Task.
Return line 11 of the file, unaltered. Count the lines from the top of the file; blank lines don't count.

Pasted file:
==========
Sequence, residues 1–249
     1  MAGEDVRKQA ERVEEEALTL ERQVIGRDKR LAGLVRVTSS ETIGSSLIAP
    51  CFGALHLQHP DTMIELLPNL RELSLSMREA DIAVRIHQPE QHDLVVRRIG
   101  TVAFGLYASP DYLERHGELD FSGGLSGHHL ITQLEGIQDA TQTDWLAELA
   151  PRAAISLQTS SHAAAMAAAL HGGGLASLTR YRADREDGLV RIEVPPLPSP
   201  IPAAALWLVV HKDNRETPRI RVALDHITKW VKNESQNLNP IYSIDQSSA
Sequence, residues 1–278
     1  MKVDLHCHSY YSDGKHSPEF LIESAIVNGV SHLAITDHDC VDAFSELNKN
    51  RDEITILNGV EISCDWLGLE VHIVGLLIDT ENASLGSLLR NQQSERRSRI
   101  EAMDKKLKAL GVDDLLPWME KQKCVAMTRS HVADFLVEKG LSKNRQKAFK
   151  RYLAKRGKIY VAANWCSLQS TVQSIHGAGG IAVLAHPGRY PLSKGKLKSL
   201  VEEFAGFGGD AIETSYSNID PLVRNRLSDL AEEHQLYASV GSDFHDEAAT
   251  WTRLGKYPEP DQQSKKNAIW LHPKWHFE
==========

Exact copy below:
   151  RYLAKRGKIY VAANWCSLQS TVQSIHGAGG IAVLAHPGRY PLSKGKLKSL